Friday, November 25, 2016

Tundra Swans

 Last weekend I made my third trip down to southern Minnesota to photograph tundra swans. Each year tundra swans migrate from their breeding grounds up in Alaska and northern Canada down to the Atlantic or Pacific coasts of the southern United States. A large population, numbering in the thousands, stop over on the Mississippi River in Southern Minnesota to fill up on tubers, roots, of the arrowhead plant before heading east to the Carolina Coast.
 The migration here usually starts at the beginning of November but when I traveled down to the Upper Mississippi River Wildlife and Fish Refuge on the first week of November there were very few swans to photograph, and most were in the middle of the river. The second weekend in November, which is typically when the most swans are in the area, was a little better but still there were not many swans in the water by the overlook. The problem was that the weather was so mild with temps in the 60s to 70s that the swans put off migrating. Finally a dip in the temps brought enough swans down on the third weekend that some finally were with in photo range.
Since each trip was about a two and a half hour drive each way I found other subjects to photograph on the trips where the swans were not around. There are usually a lot of bald eagles on the river this time of year. This one had almost completely molted into its mature adults feathers. With the little bit of black still on the head and tails I would estimate its age at six to seven yeas old. Besides fishing in the river the eagles will also go after the small ducks that are also migrating south. In a few weeks most of the river may be frozen, the swans and ducks will be on their way south to their wintering grounds, and the bald eagles that remain will congregate in spots where the river stays open.

Wednesday, October 26, 2016

Olive Sparrow

Olive Sparrow
The olive sparrow is a secretive emberizine sparrow that is found in Mexico and Central America. In the United States it is found only in south Texas.
 Their preferred habitat includes dense thickets, semi-open scrub, chaparral and undergrowth near forests. They can often be heard foraging through the dense brush in search of insects, caterpillars and seeds. These pictures were taken in the Rio Grande Valley back in February.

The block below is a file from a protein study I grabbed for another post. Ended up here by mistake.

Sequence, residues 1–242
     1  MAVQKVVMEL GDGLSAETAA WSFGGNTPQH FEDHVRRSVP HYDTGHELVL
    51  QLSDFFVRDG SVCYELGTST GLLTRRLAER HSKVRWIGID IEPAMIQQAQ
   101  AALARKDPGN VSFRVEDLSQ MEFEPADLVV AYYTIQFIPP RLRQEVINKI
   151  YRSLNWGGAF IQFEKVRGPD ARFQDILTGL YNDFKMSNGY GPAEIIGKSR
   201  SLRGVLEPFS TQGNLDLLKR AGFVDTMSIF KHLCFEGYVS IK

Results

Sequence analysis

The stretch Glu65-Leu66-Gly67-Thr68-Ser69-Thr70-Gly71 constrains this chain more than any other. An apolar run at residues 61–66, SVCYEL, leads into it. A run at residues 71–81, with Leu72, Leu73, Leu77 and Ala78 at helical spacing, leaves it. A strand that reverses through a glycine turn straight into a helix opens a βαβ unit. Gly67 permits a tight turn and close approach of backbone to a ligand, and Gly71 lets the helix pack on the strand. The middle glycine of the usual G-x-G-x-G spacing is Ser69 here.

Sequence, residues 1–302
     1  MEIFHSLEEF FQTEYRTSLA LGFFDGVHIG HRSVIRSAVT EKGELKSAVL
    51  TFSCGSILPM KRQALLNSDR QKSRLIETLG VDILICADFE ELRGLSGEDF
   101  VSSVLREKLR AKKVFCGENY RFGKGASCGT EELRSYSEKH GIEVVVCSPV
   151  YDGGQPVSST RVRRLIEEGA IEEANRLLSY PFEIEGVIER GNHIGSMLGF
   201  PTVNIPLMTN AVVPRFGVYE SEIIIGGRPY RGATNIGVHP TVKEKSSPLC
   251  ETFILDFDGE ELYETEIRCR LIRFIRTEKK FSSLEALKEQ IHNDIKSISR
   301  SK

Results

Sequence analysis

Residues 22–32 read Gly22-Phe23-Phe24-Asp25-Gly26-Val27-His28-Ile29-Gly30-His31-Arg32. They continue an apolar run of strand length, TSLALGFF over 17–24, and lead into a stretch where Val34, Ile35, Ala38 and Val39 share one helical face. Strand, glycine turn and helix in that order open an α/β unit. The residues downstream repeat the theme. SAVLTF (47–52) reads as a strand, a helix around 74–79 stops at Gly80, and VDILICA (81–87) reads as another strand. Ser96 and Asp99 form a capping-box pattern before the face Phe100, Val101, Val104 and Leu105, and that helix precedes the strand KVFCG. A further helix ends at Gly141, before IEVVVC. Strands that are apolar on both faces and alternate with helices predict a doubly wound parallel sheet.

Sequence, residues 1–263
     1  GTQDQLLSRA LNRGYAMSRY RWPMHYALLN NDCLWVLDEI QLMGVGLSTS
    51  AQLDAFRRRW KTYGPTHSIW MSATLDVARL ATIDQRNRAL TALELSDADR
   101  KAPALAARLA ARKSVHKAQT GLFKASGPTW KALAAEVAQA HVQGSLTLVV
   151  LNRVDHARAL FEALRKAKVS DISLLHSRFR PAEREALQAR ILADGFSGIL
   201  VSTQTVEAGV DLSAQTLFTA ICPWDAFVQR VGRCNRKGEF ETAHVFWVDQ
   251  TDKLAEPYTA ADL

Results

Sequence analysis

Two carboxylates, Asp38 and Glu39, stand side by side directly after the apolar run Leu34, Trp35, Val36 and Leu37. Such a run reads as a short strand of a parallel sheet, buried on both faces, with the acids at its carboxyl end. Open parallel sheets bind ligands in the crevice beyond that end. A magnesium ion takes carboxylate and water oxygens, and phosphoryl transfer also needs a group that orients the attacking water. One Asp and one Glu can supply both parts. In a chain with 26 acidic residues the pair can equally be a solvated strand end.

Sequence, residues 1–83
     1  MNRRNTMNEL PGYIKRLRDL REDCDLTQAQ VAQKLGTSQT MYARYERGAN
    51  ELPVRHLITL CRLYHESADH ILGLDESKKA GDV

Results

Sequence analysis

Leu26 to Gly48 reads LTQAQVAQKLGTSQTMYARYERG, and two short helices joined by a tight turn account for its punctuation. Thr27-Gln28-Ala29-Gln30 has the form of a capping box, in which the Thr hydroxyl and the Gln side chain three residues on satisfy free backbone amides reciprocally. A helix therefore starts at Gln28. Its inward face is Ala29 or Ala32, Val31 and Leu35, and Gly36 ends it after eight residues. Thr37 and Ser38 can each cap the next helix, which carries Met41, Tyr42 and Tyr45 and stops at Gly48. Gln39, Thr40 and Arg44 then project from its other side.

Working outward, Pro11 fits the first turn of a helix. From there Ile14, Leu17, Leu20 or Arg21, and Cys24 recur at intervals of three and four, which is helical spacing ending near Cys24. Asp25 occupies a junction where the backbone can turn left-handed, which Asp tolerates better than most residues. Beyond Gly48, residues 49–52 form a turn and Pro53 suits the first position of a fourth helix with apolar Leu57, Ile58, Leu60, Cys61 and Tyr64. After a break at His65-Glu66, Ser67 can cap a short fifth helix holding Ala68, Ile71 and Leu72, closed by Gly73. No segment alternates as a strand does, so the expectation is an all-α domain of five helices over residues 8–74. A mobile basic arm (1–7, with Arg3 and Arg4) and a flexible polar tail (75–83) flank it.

Thursday, September 29, 2016

Long-billed Thrasher

Long-billed Thrasher
 The long-billed thrasher is a southern relative of the more common brown thrasher. They are found in southern Texas and eastern Mexico. Their name is deceiving, since their beak is shorter then many other species of thrashers. They do however have a long tail. This photo was taken in the Rio Grande Valley of south Texas.

Wednesday, August 24, 2016

Golden-fronted Woodpecker

Golden-fronted Woodpecker
The golden-fronted woodpecker is one of the most colorful woodpeckers found in North America. Their range extends from southern Oklahoma, through Texas and eastern Mexico and down into Central America. There are four different subspecies that vary slightly in color that were once considered different species. They are closely related to the more common red-bellied woodpecker and where their ranges cross the golden-fronted will aggressively defend their territory against the red-bellies. 
Golden-fronted Woodpecker
Golden-fronted woodpeckers are found in open to semi-open woodlands. In the U.S. this includes mesquite brush land, orchards, groves, along rivers, and second growth forests. They are omnivores with a diet consisting partially of insects (grasshoppers, ants,beetles and other insects) and the rest of fruits, seeds and nuts. This female was eating some of the fruit from a prickly pair cactus. These shots were taken earlier this year down in Texas' Rio Grande Valley.  

Wednesday, August 10, 2016

Eastern Screech Owl

Gray Eastern Screech Owl